Poor concrete surface preparation is the main cause of garage floor epoxy peeling. To form a mechanical attachment to the concrete, epoxy requires a clean and porous surface. If you don't have that, your coating is very certainly going to fail over time.
We don't mean a mop and bucket when we say clean; instead, we're talking about concrete grinding. Anything that is sitting on top of the garage floor, such as old coatings, oil stains, grime, and so on, will be removed by grinding the concrete.
While cleaning the garage floor, the concrete grinder is also opening up the concrete (making it porous), resulting in a clean and porous garage floor surface.
If your garage floor is peeling, the most likely cause is that the preparation for the epoxy garage floor was an acid wash. Acid washing concrete is a wonderful way to clean a garage floor and make it porous, but it isn't sufficient for epoxy preparation. It does not allow the epoxy to soak into and adhere to the concrete, so if you drive your car in on a hot day, the tires will lift the epoxy off the garage floor the next time you drive out.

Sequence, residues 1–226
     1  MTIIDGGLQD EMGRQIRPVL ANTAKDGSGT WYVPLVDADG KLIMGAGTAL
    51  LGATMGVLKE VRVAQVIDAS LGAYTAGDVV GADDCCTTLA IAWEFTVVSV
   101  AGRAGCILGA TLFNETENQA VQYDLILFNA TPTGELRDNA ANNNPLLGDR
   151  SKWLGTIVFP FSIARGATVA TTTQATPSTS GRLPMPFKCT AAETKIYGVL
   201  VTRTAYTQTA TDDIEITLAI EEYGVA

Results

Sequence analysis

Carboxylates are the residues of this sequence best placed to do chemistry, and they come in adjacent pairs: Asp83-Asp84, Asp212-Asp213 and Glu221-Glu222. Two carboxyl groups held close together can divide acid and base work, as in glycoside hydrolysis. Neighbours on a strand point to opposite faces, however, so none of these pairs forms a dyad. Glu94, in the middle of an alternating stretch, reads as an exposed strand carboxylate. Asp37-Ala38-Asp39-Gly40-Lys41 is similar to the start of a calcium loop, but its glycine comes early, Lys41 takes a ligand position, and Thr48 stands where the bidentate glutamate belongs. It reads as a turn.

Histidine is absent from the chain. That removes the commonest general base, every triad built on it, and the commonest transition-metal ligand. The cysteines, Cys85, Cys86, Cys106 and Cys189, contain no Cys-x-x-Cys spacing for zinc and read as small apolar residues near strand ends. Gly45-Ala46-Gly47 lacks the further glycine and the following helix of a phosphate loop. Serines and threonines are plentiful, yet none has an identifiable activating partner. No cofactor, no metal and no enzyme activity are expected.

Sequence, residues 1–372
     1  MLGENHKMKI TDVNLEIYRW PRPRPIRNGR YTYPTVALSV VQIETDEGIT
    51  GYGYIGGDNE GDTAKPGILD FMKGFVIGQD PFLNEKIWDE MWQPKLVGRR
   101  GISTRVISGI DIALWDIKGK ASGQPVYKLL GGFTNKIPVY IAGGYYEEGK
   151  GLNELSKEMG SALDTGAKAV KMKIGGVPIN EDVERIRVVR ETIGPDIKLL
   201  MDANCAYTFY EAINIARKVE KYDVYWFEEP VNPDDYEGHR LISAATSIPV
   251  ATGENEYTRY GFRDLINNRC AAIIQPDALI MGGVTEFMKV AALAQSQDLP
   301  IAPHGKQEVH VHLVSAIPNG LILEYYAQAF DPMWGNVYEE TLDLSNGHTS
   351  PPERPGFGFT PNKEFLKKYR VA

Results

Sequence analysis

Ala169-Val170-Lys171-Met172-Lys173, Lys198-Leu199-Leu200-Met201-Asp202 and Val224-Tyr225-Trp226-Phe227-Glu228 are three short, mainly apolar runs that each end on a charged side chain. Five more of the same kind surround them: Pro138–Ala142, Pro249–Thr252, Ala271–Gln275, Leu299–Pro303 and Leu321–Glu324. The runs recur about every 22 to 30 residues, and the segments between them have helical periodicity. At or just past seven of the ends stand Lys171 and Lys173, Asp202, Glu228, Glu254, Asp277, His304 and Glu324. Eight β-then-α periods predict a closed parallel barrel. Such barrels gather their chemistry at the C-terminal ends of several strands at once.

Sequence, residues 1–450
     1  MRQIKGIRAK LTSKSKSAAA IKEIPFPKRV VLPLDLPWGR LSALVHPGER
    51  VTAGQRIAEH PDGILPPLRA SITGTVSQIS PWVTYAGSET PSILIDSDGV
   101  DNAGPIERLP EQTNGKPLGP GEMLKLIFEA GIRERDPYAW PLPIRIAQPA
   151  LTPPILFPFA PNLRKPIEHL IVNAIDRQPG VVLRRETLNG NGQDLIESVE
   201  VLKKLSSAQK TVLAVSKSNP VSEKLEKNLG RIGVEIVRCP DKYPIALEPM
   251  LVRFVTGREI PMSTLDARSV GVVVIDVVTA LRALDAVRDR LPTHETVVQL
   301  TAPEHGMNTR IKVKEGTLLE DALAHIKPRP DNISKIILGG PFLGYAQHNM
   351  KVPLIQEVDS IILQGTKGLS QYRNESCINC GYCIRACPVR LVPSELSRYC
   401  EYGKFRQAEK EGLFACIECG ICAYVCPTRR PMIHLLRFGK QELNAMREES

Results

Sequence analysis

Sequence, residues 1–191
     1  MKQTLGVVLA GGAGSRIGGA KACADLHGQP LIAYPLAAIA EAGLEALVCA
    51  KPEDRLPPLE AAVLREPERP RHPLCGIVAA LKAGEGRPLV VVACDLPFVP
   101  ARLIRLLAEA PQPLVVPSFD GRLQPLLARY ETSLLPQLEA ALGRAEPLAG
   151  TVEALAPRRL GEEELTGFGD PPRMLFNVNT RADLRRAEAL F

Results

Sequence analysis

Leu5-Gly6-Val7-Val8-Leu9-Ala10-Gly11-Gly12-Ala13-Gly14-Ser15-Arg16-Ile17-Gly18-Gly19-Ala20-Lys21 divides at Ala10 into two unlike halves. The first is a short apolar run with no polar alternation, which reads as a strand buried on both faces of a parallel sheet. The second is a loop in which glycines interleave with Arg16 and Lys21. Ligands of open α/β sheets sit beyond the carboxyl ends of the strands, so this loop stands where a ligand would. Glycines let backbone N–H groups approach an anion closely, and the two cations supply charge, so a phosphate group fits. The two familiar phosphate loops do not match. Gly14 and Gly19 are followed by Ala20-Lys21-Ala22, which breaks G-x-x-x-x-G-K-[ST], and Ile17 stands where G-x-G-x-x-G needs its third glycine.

When you concrete grind the garage floor, you open up the concrete entirely, allowing the epoxy to soak in and grip onto it, making peeling almost impossible.
The easiest technique to fix a flaking garage floor is to use a concrete grinder to remove the entire garage floor covering and return the concrete to its original state. As a result, you'll have a flawless substrate for your new garage epoxy floor.
If you paint over flaking epoxy, the new coating will attach to the flaking epoxy and continue to flake off; we mention this since it happens far more frequently than you might imagine. It's like painting a wall or door frame: if you don't sand it first, you'll be able to pick it off with your nails once the paint has dried.